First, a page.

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Ethnic conflict kills 11 people in Western DR Congo

Fighting between ethnic communities left 11 people dead in Western Democratic Republic of Congo (DRC) on Tuesday, a local authority and civil society leader said after their bodies were collected on Wednesday.

The conflict between Teke and Yaka communities that started in 2022 over a land dispute caused a deterioration in the humanitarian and security situation in several provinces near the capital Kinshasa.

At least 3,000 people have been killed and more than 150,000 displaced by the conflict, according to the United Nations.

The clashes in Mai-Ndombe Province killed 10 Mobondo militants, allied with the Yaka community, and one soldier, village chief Stany Libie and civil society leader Martin Suta told Reuters.

Both accused the government of failing to put an end to the conflict.

“People are dying, villages are emptying, soldiers are falling, and we wonder why the government has been unable to take effective measures to resolve this problem once and for all for the past two years,” Libie said.

Congo’s army did not immediately respond to Reuters requests for comment.

Fighting between ethnic communities left 11 people dead in Western Democratic Republic of Congo (DRC) on Tuesday, a local authority and civil society leader said after their bodies were collected […]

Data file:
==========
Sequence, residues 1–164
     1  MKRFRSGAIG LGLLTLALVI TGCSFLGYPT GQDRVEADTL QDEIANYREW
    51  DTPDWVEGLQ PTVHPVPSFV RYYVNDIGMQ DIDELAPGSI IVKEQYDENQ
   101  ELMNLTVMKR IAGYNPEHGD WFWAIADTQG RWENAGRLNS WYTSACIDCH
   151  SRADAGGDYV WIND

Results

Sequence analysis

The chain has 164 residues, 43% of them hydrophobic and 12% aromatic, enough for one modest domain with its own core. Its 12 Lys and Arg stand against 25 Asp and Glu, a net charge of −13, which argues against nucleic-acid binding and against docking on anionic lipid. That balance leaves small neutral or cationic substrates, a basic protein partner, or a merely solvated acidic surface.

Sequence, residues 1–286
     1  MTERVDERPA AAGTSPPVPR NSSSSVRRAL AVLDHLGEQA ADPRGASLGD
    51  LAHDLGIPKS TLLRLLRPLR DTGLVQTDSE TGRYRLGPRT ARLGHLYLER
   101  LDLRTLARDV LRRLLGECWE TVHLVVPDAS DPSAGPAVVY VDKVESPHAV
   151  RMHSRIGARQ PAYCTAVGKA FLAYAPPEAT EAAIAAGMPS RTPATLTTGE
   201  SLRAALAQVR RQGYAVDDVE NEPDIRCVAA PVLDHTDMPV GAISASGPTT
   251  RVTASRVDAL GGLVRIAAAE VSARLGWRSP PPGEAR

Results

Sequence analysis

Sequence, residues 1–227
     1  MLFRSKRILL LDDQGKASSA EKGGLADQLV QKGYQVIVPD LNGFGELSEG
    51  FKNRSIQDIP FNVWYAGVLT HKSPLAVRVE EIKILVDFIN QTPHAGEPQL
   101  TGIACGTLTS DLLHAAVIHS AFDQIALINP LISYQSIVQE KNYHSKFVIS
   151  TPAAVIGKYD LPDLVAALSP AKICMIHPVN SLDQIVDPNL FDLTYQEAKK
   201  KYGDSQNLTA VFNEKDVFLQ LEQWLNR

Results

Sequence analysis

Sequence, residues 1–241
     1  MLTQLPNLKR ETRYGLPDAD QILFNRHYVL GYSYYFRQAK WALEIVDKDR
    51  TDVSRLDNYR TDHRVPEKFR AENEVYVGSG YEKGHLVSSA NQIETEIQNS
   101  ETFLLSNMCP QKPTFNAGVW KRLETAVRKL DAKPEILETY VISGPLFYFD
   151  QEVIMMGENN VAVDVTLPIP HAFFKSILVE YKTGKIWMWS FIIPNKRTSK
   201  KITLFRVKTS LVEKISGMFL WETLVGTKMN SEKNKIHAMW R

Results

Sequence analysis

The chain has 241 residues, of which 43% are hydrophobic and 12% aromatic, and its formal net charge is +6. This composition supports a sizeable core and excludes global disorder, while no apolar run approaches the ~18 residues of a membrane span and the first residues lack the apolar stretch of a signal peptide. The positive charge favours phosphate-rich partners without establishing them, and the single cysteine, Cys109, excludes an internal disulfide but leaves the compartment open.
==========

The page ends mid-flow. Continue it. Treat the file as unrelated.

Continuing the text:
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Uganda detaining homeless, razing kiosks for summits: opposition

Ugandan opposition parties on Tuesday said the government was detaining homeless people and razing thousands of roadside kiosks in a clean-up drive before hosting two global summits this month.

The country is currently hosting the Non-Aligned Movement summit, with heads of state expected to meet on Friday, followed by a gathering of the influential G77+China group, which represents 134 developing countries.

“All in the name of preparing for the summits, so many lives have been disrupted and some have been completely destroyed as (the) government tried to put up a fake image,” opposition leader Bobi Wine said.

“More than 3,000 business premises have been demolished in Makindye Division (the neighbourhood hosting the summits),” said the popstar-turned-politician.

“Many people especially the homeless have been detained and traffic flow has become a nightmare putting the lives of citizens at (a) standstill,” said the National Unity Platform (NUP) leader.

Wine, whose real name is Robert Kyagulanyi, challenged veteran President Yoweri Museveni in Uganda’s last election in 2021, calling for an end to his iron-fisted rule.

John Kikonyogo, spokesman for the Forum for Democratic Change opposition party, said small businesses were “forcibly closed by the regime purportedly to present a more favourable image to the summit visitors.”

A food vendor along the highway connecting Uganda’s capital Kampala to the main international airport said police ordered her to close her business for security reasons.

“When I reported to work the next day, the stall, the utensils, the fresh food I left the previous night, were gone and the place was flattened,” Stella Nakazzi, a single mother of five, told AFP.

The authorities have banned most motorcycle taxis from operating in Kampala for the duration of the summit, clearing them out of their traditional parking zones.